Date of Award


Document Type

Campus Access Dissertation

Degree Name

Doctor of Philosophy (PhD)


Environmental Sciences/Environmental, Earth & Ocean Sciences

First Advisor

Helen C. Poynton

Second Advisor

William E. Robinson

Third Advisor

Robert E. Bowen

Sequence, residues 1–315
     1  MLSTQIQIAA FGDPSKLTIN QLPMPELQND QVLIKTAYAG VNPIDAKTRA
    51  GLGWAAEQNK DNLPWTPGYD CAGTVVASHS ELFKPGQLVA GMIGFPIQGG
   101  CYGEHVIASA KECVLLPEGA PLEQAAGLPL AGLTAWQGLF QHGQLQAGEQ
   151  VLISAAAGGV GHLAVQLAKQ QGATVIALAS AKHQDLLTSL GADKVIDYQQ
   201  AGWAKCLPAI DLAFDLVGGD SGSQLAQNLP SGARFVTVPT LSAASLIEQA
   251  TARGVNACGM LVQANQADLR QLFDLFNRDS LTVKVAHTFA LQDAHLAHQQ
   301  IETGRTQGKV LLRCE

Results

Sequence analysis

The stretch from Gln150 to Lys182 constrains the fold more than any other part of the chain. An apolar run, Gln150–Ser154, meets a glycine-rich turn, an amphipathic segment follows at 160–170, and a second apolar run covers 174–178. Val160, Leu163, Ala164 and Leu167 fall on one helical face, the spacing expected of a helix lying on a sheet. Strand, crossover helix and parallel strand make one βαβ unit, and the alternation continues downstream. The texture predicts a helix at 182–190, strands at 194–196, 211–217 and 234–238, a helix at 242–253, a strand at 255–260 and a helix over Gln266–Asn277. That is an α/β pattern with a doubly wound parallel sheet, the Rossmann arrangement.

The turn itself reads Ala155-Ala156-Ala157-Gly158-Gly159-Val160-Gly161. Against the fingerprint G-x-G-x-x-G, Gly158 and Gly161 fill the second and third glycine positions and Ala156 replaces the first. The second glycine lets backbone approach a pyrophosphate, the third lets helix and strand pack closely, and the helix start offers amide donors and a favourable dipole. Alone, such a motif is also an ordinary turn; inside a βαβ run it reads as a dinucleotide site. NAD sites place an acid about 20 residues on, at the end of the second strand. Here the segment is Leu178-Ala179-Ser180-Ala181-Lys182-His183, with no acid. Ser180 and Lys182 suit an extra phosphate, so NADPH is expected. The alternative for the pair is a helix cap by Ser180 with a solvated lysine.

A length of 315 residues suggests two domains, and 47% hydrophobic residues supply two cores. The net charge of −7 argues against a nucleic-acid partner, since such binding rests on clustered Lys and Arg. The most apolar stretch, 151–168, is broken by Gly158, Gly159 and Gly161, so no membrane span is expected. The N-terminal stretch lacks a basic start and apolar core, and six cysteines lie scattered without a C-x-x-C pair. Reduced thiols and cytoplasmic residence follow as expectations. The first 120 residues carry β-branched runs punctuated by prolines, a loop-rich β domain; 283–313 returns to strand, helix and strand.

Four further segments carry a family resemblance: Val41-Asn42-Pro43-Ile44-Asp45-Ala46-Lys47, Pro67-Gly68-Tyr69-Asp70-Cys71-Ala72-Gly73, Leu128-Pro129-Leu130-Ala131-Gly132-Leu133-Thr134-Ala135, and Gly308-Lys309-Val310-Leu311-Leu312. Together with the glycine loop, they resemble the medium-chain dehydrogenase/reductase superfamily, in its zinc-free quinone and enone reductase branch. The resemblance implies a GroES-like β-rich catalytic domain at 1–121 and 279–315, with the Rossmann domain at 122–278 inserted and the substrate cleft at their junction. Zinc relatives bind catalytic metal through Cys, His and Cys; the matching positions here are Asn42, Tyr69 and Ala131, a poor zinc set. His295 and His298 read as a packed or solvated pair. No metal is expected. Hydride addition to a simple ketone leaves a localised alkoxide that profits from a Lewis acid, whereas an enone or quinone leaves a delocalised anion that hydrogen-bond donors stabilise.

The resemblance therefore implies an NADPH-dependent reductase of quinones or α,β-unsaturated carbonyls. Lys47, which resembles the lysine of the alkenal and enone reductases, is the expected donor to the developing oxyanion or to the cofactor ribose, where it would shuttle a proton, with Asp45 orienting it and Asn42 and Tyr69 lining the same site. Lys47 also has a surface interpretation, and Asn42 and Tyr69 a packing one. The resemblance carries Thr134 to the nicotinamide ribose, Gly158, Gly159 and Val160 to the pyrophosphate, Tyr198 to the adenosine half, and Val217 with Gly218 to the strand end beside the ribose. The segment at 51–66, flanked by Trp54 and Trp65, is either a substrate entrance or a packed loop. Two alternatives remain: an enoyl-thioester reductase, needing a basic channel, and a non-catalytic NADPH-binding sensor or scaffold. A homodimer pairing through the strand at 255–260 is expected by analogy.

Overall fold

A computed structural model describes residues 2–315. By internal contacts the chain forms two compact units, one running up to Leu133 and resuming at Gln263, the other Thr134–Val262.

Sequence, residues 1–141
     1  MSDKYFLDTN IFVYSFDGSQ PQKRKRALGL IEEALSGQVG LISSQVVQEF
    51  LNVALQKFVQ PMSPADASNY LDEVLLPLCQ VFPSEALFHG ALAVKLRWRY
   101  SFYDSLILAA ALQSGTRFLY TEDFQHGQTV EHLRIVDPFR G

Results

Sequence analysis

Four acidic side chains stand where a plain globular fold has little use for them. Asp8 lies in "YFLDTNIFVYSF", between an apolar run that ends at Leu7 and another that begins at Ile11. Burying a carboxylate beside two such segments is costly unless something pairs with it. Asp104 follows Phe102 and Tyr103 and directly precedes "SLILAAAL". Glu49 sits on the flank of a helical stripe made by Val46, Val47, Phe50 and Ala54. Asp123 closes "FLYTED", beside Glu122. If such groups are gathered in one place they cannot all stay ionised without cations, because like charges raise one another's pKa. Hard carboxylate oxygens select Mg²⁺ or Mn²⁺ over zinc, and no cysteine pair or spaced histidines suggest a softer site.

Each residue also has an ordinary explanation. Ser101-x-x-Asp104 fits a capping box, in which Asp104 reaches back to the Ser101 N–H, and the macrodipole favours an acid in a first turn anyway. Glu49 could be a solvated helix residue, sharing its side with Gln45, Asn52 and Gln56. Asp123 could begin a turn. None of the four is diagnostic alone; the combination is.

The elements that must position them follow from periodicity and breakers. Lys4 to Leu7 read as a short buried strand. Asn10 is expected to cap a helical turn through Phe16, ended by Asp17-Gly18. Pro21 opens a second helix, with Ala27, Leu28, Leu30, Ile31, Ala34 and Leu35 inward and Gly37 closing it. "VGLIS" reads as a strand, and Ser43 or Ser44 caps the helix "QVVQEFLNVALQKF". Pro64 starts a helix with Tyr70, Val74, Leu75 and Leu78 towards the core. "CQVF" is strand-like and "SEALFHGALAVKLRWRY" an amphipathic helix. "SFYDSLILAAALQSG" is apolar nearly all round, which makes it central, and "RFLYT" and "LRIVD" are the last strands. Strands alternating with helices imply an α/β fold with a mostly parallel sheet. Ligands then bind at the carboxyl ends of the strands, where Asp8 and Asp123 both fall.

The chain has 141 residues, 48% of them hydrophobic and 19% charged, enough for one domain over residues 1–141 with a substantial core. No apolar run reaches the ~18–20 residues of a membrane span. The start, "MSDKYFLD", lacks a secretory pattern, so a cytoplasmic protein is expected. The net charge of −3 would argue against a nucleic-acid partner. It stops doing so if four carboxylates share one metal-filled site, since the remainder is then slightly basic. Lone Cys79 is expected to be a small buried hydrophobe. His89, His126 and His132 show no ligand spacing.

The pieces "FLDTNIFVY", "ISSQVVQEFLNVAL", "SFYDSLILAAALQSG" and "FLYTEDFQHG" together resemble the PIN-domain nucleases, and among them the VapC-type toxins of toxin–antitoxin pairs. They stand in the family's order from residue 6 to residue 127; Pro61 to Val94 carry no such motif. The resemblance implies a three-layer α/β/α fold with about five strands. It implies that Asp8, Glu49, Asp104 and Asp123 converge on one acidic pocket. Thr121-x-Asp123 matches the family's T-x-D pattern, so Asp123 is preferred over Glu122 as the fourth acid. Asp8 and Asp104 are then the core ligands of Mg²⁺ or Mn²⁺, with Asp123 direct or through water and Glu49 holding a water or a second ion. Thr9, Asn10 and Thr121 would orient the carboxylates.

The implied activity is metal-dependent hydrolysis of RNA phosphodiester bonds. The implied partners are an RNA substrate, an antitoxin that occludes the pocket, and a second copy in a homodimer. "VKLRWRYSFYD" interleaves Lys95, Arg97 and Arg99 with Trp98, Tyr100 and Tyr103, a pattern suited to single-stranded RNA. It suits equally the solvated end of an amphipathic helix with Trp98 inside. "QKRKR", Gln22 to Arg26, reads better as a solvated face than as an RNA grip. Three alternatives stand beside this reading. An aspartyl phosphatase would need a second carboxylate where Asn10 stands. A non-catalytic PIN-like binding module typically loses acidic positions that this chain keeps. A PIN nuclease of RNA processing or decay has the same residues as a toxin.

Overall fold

Endocrine Disrupting Compounds (EDCs) are ubiquitous in marine environments and have been found to cause intersex and developmental impacts across wildlife species including mussels. Innovative approaches are needed to monitor EDCs in coastal environments as these compounds cause effects at low levels (e.g., ng/L), and below analytical detection limits. Additionally, a comprehensive literature search identified at least a hundred compounds that produced an estrogenic response, making monitoring individual contaminants both time and cost intensive. The purpose of this research was to develop a high throughput assay and adverse outcome pathway (AOP) to monitor the exposure and effects of EDCs in coastal environments in marine mussels. Although intersex from EDC exposure has been identified in bivalves, the mechanism linked to this adverse outcome is relatively unknown. A combination of transcriptomic analysis followed by systems biology and computational approaches identified the non-genomic estrogen signaling pathway and steroidogenesis pathway as the likely mechanisms of adverse action. A putative AOP and mechanism-based biomarkers representative of key events (KE) were developed to form the Coastal Biosensor of Endocrine Disruption (C-BED) assay. The C-BED assay was validated in the lab over multiple time-points and was found to respond at the most contaminated field locations in both a native and transplanted mussel study. Adverse effects on reproduction and development were suggested by induction of female specific transcripts in both male and female mussels and delayed development in EDC treatments. In addition to the C-BED assay, this research also showed several promising gene expression applications for biomarker development. First, a novel mtDNA sex identification assay was developed that may be a time and cost-effective alternative to other gender identification methods. Secondly, candidate biomarkers for different contaminants were identified by correlating bioaccumulation in mussel deployed in the Boston Harbor with gene expression data. Finally, the C-BED assay combined with the Integrated Biomarker Response (IBR) also proved to be a reliable method to rank EDC exposure. This study can therefore be used as an example of how transcriptomics and various data analysis approaches can be used to develop novel biomarkers for organisms that lack annotated regulatory and biochemical pathways.


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